What Causes Plaque Psoriasis? A Detailed Discussion on Treatments and Management

Plaque psoriasis is a chronic autoimmune condition that affects the skin, leading to the development of thick, scaly patches. These patches, known as plaques, are typically red and covered with silvery scales. Plaque psoriasis is not just a skin disorder; it has systemic manifestations and can significantly impact the quality of life of those affected. This article delves into the causes of plaque psoriasis and discusses current treatments, drawing on expert opinions and the new medical research to provide a comprehensive overview.

Understanding Plaque Psoriasis

Plaque psoriasis is the most common form of psoriasis, affecting about 80% to 90% of people with the condition. It typically appears on the scalp, knees, elbows, and lower back but can develop on any part of the body. The severity of the disease can vary significantly from one person to another.

Causes of Plaque Psoriasis

The exact cause of plaque psoriasis is still not fully understood, but it is known to be a multifactorial disease influenced by genetic and environmental factors. The immune system plays a crucial role, with T cells (a type of white blood cell) mistakenly attacking healthy skin cells.

Genetic Factors

Genetics is a significant factor in psoriasis. If one parent has psoriasis, the risk of a child developing the disease is about 10%, and this risk increases to approximately 50% if both parents are affected. Researchers have identified multiple genes associated with the disease, which influence the immune system’s functioning.

Environmental Triggers

Various environmental factors can trigger or exacerbate psoriasis, including:

  • Stress
  • Skin injury (the Koebner phenomenon)
  • Certain medications (e.g., lithium, beta-blockers)
  • Infections (particularly streptococcal infections)
  • Smoking
  • Alcohol consumption
  • Hormonal changes

Treatment of Plaque Psoriasis

Treatment for plaque psoriasis aims to reduce inflammation, slow the production of skin cells, and remove scales. Treatment options include:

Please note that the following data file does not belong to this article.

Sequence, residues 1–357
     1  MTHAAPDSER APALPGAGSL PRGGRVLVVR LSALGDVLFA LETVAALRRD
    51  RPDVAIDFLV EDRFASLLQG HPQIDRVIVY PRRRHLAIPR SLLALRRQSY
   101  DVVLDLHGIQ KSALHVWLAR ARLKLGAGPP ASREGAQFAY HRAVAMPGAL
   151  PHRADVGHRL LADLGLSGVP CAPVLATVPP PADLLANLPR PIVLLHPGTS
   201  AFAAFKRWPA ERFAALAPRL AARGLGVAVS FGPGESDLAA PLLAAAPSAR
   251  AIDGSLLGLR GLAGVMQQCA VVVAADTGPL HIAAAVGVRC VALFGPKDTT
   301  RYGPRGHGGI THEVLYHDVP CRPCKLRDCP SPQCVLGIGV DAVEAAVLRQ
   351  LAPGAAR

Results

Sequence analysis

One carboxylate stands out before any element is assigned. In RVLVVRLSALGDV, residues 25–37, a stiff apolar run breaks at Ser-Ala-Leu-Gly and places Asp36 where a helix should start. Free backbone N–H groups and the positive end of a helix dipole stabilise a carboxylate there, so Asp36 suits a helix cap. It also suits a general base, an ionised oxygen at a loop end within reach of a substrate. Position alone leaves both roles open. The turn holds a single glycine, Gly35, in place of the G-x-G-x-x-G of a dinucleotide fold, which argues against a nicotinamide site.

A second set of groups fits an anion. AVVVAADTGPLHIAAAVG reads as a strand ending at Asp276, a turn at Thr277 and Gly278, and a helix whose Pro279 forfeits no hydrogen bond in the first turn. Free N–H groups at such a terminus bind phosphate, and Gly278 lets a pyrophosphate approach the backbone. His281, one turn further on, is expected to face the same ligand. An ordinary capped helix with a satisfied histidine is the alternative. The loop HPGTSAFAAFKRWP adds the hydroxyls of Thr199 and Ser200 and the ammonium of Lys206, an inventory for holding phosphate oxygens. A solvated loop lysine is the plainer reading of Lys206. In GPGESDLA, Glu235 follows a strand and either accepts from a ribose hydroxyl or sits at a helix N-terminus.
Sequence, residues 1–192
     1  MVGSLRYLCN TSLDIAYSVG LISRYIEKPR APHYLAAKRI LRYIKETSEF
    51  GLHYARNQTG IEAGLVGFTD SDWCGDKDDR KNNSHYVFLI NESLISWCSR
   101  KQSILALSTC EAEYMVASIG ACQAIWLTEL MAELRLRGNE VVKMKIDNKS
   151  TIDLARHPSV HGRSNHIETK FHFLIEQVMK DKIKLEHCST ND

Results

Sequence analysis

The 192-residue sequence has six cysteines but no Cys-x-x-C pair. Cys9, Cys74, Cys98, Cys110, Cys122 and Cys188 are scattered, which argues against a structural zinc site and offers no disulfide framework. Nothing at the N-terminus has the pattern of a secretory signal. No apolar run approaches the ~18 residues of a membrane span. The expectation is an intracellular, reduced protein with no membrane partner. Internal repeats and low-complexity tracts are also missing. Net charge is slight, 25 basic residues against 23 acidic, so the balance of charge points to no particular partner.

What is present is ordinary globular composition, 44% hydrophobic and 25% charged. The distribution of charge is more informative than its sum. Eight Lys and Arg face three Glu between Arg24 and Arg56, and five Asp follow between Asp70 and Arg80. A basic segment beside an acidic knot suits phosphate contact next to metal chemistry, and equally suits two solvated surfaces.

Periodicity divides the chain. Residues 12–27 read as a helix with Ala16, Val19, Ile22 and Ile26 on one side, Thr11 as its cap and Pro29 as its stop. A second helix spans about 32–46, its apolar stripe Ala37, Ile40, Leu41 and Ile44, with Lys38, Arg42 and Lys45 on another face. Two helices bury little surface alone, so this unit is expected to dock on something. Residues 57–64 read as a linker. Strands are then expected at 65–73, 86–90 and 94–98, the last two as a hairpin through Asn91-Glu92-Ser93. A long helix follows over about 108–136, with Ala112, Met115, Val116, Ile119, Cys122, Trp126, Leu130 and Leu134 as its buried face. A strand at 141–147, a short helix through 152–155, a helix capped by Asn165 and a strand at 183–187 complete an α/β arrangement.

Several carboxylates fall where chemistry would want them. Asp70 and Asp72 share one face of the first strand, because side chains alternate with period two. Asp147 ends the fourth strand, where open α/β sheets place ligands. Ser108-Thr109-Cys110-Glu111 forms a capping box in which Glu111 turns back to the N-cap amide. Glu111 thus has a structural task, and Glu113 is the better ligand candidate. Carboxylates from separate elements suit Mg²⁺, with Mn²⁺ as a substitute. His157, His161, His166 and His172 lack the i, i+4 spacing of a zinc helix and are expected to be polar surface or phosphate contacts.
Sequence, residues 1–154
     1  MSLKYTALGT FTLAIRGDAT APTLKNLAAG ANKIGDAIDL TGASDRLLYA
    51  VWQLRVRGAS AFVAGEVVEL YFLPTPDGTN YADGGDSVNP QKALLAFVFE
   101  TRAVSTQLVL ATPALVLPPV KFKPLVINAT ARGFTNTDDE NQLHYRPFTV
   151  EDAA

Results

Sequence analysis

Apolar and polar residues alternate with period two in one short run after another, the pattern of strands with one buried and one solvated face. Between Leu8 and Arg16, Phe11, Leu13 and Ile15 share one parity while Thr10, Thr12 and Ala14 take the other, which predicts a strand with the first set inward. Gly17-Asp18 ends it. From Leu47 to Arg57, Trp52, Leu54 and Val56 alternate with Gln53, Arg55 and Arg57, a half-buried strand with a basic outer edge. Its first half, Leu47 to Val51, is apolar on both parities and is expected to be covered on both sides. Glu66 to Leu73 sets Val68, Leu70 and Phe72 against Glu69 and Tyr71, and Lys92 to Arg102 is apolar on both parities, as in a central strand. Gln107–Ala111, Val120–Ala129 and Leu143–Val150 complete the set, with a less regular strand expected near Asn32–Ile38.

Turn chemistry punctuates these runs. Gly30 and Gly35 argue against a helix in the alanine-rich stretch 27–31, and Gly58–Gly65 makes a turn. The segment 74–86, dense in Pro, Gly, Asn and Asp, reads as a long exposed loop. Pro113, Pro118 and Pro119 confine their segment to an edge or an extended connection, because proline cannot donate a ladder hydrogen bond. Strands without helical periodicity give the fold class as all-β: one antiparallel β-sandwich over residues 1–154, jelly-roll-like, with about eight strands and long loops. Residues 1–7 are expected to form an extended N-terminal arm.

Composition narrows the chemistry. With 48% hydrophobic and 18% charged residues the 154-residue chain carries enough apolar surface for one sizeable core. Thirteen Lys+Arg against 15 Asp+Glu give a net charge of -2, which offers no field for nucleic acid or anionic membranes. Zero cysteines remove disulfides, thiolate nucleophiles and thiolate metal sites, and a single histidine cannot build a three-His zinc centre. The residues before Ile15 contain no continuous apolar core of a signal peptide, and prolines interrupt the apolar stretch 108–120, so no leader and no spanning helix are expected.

Topical Treatments

These are applied directly to the skin and are the first-line treatment for mild to moderate psoriasis. Common topical treatments include:

  • Corticosteroids
  • Vitamin D analogs (e.g., calcipotriene)
  • Topical retinoids
  • Coal tar
  • Anthralin
  • Moisturizers


This involves exposing the skin to ultraviolet light under medical supervision and is effective for moderate to severe psoriasis.

Systemic Treatments

These are prescription medications taken orally or injected and are used for moderate to severe psoriasis or when topical therapy is ineffective. These include:

  • Methotrexate
  • Cyclosporine
  • Acitretin
  • Biologic drugs (e.g., adalimumab, etanercept)


Biologic drugs target specific parts of the immune system. They are used for patients who do not respond well to traditional systemic therapies.

Lifestyle Modifications

Managing stress, maintaining a healthy weight, quitting smoking, and limiting alcohol consumption can also help manage psoriasis symptoms.


While there is no cure for plaque psoriasis, effective management is possible. Understanding the causes and available treatments allows patients to better manage their condition with the help of healthcare providers. Ongoing research continues to shed light on this complex condition and may lead to more innovative treatments in the future.